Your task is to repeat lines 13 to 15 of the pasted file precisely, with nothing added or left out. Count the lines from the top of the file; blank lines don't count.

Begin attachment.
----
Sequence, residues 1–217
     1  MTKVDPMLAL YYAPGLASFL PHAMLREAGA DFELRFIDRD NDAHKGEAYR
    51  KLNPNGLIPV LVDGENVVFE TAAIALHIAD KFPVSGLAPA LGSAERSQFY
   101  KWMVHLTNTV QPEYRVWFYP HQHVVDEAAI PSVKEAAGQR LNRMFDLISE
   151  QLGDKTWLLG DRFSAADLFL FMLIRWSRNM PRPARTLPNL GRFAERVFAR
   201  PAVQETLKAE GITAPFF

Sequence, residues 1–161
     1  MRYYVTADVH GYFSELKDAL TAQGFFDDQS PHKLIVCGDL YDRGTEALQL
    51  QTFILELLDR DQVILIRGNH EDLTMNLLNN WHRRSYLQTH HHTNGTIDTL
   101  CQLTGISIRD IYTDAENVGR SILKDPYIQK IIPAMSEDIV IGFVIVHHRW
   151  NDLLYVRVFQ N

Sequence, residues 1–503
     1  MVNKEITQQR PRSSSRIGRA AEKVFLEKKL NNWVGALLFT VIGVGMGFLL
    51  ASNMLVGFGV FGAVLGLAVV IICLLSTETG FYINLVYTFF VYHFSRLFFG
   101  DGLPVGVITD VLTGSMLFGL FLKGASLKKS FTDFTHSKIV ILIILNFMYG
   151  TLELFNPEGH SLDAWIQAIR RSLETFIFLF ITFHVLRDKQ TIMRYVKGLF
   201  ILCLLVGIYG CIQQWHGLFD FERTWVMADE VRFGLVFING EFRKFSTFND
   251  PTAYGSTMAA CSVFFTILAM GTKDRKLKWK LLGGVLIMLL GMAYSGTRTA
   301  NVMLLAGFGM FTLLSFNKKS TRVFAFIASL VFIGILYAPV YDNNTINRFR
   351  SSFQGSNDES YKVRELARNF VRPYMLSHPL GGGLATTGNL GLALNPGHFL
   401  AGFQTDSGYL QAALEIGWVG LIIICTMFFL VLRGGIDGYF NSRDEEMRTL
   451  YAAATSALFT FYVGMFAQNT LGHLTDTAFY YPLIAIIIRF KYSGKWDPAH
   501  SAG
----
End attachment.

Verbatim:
     1  MVNKEITQQR PRSSSRIGRA AEKVFLEKKL NNWVGALLFT VIGVGMGFLL
    51  ASNMLVGFGV FGAVLGLAVV IICLLSTETG FYINLVYTFF VYHFSRLFFG
   101  DGLPVGVITD VLTGSMLFGL FLKGASLKKS FTDFTHSKIV ILIILNFMYG